So if you do meet me as a UCU rep, I’m sorry we have to meet like that. But I promise to help.

 If you think you can help as well, contact UCU. We need more concerned citizens.

Mark Dover, Southampton UCU Honorary Secretary and Caseworker

 

What’s it for?

Southampton UCU asked two interesting questions last week in a meeting with senior HR colleagues: What is appraisal moderation for? What are appraisal scores for?

We posed these questions because of growing concerns about how appraisals are being conducted and the use of moderation in ways that did not adhere to our negotiated agreements. We are especially concerned at the use of a bell curve (normal distribution) in moderation of appraisal scores – outside the agreed policy – despite a wealth of evidence that this practice is not only flawed but deeply counterproductive.

The original purpose of the agreed appraisal system

Members may recall that teams from UCU spent over two years in a negotiations process called the Pay and Reward (P&R) Project – looking at a range of policies for managing careers and promotion of our staff. At the heart of this negotiation was the new appraisal system. Both sides – the union and the managers – recognised that the old PPDR (personal performance development review) was broken. We needed a system that enabled us to help staff set objectives and develop, and which could enable managers to support them in ways that in turn helped the University achieve its ambitions. There was willingness from all parties to work hard to get it right.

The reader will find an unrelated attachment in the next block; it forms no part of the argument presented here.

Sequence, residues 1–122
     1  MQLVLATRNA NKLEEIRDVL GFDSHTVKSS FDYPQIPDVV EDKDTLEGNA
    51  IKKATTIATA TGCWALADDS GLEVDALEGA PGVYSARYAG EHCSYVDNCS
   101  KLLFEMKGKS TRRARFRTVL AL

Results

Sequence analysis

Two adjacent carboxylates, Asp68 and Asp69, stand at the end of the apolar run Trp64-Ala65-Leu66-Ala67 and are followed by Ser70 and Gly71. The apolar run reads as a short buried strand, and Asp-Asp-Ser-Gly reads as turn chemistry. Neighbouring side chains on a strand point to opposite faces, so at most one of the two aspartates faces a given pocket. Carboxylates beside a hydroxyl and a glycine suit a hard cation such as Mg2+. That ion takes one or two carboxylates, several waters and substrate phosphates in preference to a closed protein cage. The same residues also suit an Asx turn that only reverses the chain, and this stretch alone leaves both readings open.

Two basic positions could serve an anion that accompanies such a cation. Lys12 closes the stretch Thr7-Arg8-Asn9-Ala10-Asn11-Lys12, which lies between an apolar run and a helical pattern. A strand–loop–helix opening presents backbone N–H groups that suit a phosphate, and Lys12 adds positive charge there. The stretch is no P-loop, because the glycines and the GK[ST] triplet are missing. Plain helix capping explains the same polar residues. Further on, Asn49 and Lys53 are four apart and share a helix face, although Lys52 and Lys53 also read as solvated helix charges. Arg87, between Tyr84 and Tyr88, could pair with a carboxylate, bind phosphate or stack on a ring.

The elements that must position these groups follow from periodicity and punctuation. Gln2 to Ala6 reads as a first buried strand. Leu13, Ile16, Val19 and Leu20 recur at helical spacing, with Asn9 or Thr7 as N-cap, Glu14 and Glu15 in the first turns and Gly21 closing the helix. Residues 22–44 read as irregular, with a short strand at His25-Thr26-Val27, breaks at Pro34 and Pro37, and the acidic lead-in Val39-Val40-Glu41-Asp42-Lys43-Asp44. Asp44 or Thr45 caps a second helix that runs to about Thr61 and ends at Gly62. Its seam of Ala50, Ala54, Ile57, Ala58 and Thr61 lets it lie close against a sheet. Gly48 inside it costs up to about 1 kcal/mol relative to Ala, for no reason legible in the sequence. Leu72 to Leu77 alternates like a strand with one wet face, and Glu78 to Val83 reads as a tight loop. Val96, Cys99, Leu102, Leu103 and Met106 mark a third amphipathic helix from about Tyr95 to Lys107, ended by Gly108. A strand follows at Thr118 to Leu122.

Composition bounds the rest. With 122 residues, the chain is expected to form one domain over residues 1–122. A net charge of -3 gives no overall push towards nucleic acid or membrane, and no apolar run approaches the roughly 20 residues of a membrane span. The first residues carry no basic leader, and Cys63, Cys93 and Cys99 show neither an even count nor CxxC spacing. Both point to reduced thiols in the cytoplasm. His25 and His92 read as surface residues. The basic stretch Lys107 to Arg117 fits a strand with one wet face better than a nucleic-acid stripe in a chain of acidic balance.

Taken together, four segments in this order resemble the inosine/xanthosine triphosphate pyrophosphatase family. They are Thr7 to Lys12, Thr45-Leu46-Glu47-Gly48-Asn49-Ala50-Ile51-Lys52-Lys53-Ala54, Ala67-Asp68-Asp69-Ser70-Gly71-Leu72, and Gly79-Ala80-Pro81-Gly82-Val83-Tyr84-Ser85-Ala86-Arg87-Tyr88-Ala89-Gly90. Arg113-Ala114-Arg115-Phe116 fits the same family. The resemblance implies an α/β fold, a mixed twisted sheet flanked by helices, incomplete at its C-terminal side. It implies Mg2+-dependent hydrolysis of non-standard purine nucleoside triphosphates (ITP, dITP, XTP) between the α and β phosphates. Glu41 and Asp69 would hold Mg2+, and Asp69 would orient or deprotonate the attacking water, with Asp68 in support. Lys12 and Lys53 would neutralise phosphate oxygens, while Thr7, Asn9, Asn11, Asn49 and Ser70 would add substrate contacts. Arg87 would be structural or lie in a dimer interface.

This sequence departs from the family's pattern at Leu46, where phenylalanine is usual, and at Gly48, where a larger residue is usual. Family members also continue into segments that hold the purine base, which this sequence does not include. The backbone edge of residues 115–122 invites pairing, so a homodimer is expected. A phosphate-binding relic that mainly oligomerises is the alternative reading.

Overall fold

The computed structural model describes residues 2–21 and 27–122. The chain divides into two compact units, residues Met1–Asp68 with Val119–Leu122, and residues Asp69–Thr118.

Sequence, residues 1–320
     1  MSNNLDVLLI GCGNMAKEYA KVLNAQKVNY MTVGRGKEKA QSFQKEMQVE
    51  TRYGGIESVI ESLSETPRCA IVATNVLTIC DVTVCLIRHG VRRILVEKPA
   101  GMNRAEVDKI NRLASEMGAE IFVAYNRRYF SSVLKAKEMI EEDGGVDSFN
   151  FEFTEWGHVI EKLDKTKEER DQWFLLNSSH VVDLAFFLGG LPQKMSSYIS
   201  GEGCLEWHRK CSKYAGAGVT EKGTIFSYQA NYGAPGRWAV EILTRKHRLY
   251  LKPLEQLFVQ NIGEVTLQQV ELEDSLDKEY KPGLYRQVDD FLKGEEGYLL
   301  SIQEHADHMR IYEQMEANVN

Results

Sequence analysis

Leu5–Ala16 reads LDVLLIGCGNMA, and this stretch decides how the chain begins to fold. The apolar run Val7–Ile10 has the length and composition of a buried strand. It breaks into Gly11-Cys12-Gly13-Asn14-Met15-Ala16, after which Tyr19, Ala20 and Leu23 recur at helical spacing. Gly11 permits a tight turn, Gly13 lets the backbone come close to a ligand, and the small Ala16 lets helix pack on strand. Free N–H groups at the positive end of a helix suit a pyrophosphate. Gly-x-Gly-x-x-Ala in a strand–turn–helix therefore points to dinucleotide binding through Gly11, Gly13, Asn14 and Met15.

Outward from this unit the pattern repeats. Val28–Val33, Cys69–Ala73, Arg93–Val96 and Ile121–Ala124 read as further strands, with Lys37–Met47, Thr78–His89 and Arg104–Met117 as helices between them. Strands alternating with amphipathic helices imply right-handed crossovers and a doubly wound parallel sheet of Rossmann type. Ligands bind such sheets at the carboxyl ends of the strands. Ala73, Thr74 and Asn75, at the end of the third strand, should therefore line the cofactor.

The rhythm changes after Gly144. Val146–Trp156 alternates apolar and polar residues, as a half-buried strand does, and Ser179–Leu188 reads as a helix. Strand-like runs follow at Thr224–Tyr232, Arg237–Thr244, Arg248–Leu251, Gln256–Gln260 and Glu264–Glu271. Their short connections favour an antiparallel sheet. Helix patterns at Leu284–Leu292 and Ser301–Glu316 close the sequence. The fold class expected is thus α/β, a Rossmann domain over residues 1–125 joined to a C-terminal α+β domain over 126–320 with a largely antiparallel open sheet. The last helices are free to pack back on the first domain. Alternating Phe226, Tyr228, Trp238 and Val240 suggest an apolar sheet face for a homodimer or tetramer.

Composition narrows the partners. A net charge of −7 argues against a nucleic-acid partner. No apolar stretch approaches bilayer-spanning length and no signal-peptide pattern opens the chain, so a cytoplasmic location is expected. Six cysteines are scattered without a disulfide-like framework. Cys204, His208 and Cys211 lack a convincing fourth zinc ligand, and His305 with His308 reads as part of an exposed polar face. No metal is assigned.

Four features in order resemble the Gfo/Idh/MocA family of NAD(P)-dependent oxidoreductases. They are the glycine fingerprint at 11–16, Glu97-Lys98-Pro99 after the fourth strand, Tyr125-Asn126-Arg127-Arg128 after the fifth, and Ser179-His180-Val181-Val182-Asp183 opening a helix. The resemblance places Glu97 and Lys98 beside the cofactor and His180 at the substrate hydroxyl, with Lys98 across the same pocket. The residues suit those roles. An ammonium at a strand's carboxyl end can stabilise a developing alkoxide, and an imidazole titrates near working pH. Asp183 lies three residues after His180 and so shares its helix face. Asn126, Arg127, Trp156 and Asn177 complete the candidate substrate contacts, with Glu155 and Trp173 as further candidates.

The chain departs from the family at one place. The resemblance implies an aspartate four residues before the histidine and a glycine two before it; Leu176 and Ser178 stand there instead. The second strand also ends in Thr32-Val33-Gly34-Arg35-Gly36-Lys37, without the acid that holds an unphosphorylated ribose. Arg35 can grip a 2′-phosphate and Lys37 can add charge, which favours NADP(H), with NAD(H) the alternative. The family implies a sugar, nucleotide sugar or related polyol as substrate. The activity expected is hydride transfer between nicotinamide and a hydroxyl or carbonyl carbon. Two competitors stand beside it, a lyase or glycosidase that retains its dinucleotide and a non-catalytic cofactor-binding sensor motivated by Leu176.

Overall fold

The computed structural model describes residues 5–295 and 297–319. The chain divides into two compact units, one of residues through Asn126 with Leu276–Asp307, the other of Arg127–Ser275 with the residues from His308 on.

Key to the roll out of the new appraisal policy [intranet link only] was a programme of staff development helping people to understand what good appraisal looked like. And while not everyone likes ‘active learning scenarios’ one aspect of this training – delivered by actor-facilitators – was powerful at reminding staff what could go wrong in these important conversations. Alongside this core training there was some online training to support the process (though never intended as a substitute for the interactive learning) and a new online appraisal system for storing annual documentation. The latter was not perfect, we all recognised that the software might need to be improved over time in response to feedback from users.